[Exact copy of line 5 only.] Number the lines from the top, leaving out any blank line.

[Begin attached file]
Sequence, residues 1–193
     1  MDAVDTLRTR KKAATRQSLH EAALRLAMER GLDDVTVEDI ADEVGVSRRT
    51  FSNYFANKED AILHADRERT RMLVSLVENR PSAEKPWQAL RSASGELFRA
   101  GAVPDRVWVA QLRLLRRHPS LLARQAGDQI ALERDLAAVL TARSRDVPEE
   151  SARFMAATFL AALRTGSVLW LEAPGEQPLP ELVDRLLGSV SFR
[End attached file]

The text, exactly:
   151  SARFMAATFL AALRTGSVLW LEAPGEQPLP ELVDRLLGSV SFR